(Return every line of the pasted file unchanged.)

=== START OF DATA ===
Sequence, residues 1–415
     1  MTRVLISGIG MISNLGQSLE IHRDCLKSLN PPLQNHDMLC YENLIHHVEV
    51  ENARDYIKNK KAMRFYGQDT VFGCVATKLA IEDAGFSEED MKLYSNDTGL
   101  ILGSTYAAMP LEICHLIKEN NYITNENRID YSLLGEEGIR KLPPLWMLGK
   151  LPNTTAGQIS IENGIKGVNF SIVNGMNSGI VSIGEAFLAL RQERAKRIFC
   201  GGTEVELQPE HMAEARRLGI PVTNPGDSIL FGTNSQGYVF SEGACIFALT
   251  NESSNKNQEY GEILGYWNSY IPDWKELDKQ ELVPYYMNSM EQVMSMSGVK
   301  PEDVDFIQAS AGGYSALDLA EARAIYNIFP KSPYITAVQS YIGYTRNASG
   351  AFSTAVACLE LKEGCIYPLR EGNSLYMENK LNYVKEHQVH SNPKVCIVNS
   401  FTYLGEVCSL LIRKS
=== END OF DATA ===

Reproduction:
Sequence, residues 1–415
     1  MTRVLISGIG MISNLGQSLE IHRDCLKSLN PPLQNHDMLC YENLIHHVEV
    51  ENARDYIKNK KAMRFYGQDT VFGCVATKLA IEDAGFSEED MKLYSNDTGL
   101  ILGSTYAAMP LEICHLIKEN NYITNENRID YSLLGEEGIR KLPPLWMLGK
   151  LPNTTAGQIS IENGIKGVNF SIVNGMNSGI VSIGEAFLAL RQERAKRIFC
   201  GGTEVELQPE HMAEARRLGI PVTNPGDSIL FGTNSQGYVF SEGACIFALT
   251  NESSNKNQEY GEILGYWNSY IPDWKELDKQ ELVPYYMNSM EQVMSMSGVK
   301  PEDVDFIQAS AGGYSALDLA EARAIYNIFP KSPYITAVQS YIGYTRNASG
   351  AFSTAVACLE LKEGCIYPLR EGNSLYMENK LNYVKEHQVH SNPKVCIVNS
   401  FTYLGEVCSL LIRKS